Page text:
I and other commenters here have pointed out the cultural condesension of your views toward the Palestinians yet you’ve ignored such legitimate criticism & continue with yr presumptions. I don’t know what “civilized” status is but Hamas is certainly under no obligation to you or anyone to be “civilized.” It’s only obligation is to represent the interests of its Palestinian constituents. Last I checked you weren’t one. Similarly, I don’t know what “responsible” means other than these are the same terms used by Condi Rice to render Hamas treif. Mazal tov, you and Condi are on the same pg. You’re in good neocon company.

      As for your other claims about Hamas, they are equally specious. Hamas’ actions in Gaza were meant to preempt a violent uprising by Fatah that was coordinated with the Bush neocons Elliot Abrams and David Welch. To say that Hamas engaged in a “coup” while ignoring the context of the event is disingenuous on yr part.

      It is ACCURATE to say that Hamas is not corrupt and Fatah is. Do please provide a single ounce of evidence that Hamas is corrupt. Then we’ll know the truth. If you can provide no evidence then it is you who have the problem. And if you use the term “gullible fool” here again in any context in which it might be construed as referring to me you will lose yr privileges to comment here.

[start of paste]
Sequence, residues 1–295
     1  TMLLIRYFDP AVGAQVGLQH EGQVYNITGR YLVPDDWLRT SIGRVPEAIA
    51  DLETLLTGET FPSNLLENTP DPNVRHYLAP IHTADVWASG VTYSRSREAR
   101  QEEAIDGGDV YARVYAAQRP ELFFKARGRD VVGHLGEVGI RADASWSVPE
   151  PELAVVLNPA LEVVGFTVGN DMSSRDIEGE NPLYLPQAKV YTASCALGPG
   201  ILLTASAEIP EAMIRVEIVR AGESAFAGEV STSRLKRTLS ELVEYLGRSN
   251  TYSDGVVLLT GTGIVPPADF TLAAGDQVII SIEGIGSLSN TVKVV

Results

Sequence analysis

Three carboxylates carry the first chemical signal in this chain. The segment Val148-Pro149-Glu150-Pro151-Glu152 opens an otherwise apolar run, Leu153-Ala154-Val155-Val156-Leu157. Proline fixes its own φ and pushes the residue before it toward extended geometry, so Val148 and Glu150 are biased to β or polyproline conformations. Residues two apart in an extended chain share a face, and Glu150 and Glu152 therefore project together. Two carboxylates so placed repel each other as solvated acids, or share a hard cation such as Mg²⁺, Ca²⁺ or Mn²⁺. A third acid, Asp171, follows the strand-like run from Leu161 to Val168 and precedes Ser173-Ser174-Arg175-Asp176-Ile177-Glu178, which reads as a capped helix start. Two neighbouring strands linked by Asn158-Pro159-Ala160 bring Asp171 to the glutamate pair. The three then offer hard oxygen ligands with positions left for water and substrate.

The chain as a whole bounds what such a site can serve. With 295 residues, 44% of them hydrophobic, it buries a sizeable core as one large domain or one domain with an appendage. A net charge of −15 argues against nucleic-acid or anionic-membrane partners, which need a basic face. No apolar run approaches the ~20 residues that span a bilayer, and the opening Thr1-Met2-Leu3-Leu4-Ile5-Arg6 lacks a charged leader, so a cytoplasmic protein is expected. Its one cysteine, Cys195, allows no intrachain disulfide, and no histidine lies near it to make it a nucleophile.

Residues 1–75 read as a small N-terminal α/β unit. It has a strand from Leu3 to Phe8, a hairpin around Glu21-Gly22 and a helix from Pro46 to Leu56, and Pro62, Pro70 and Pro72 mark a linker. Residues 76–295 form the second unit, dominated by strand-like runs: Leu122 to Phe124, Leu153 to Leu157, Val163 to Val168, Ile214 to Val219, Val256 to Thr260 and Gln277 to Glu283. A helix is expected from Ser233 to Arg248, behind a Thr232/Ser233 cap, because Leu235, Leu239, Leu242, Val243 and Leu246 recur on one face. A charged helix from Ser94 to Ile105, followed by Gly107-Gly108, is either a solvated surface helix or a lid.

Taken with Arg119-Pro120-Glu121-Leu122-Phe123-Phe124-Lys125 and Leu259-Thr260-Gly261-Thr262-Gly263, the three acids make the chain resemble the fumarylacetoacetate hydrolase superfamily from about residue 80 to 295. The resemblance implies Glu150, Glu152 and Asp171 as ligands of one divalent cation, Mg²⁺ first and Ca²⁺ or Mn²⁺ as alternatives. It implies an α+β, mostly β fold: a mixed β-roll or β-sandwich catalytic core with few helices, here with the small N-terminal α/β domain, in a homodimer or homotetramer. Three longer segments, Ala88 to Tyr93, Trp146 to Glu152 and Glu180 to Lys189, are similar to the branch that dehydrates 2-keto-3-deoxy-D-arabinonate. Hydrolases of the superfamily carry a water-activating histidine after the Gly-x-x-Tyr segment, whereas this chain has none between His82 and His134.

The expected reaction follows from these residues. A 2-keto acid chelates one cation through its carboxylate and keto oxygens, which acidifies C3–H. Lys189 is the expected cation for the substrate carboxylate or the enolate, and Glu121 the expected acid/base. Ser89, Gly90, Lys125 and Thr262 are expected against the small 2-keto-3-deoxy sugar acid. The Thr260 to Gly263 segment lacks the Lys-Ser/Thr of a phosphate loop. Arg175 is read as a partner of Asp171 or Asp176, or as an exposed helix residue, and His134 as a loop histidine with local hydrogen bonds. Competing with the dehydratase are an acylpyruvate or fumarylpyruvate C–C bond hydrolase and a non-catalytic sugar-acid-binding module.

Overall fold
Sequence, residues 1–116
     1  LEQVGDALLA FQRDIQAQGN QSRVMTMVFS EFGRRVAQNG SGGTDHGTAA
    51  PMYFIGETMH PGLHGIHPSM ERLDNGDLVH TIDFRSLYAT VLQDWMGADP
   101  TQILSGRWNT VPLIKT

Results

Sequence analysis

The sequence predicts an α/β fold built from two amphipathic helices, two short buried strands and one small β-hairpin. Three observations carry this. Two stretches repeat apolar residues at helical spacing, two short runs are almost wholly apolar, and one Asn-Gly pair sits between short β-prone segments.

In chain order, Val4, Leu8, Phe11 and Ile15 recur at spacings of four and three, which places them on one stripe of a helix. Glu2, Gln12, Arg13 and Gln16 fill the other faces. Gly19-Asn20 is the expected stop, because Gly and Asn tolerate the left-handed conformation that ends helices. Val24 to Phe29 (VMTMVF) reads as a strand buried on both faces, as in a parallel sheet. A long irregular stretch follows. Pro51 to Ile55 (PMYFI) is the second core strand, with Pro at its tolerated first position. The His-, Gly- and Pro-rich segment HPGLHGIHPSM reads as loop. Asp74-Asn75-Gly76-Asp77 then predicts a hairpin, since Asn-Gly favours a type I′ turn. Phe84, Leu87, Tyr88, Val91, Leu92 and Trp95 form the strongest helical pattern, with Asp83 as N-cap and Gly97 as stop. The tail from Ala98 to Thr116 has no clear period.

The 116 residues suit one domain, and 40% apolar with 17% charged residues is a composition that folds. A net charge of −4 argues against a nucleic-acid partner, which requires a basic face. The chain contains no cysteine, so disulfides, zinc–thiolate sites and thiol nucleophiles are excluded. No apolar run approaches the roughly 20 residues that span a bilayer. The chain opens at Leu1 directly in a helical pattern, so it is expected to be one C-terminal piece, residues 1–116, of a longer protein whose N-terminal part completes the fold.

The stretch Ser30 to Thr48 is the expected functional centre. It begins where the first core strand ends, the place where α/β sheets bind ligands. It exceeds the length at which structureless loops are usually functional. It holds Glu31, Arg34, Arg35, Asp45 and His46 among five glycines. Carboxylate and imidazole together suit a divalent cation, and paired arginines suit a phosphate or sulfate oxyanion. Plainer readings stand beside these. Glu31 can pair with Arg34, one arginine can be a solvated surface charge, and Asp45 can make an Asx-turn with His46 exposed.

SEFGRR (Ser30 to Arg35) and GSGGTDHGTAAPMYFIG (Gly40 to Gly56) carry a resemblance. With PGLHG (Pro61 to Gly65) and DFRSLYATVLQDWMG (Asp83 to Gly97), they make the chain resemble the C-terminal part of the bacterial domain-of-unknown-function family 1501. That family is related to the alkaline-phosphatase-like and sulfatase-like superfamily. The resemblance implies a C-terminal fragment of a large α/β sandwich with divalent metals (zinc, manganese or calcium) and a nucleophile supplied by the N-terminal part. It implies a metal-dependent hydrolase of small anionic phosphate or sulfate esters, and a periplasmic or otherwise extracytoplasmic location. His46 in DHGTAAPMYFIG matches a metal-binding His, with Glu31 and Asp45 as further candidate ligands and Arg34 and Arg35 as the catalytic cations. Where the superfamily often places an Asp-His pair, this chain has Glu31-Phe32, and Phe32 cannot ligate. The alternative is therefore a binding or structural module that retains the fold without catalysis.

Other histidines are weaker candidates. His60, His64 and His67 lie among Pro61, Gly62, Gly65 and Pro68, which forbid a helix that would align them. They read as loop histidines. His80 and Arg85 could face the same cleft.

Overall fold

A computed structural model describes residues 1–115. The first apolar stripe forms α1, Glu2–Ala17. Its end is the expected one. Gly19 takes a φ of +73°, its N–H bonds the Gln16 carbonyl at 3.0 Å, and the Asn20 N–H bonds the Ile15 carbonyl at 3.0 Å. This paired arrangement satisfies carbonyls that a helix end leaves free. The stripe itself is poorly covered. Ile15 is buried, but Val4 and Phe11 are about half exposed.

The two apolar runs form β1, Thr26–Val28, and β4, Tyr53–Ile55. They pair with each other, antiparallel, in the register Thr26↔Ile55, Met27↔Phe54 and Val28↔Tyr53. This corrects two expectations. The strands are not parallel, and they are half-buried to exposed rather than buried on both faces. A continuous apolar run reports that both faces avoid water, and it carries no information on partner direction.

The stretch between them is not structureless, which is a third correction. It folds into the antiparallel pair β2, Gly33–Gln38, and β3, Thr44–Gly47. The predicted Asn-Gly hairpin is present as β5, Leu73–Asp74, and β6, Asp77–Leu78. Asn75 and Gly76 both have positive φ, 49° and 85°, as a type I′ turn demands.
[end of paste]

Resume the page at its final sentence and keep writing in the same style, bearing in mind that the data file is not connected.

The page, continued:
Justice is a future orientation, NOT recompense for selected historical stimuli to anger.

      Another ludicrous statement. Justice has almost nothing to do with the future & everything to do with the past. Justice relates to the future only in the sense that it takes account of the past. Justice divorced from the past is simply not justice.

      1. Richard,
        Again, you bought a bridge.

        Hamas is divided. It is a silly assertion to describe it as “incorruptible”. I described the primary manner that I regarded Hamas as CORRUPTED, and that is that it receives funding, training, armaments from a foreign power (Iran) that seeks and does influence Hamas’ political relations and internal opinion.

        Maybe that is not “corrupted” in your view of what constitutes principled political commitment. Maybe, Iran is just a supporter.

        You take a low-standard approach in attacking the use of the word “civilized”. You use it.

        Practically, Hamas has postured and engaged in civil war relative to the PA, not only been sincere and principled.

        You could state that is a conflict, but to state Hamas as “incorruptible” puts you in the gullible category.

        1. It is a silly assertion to describe it as “incorruptible”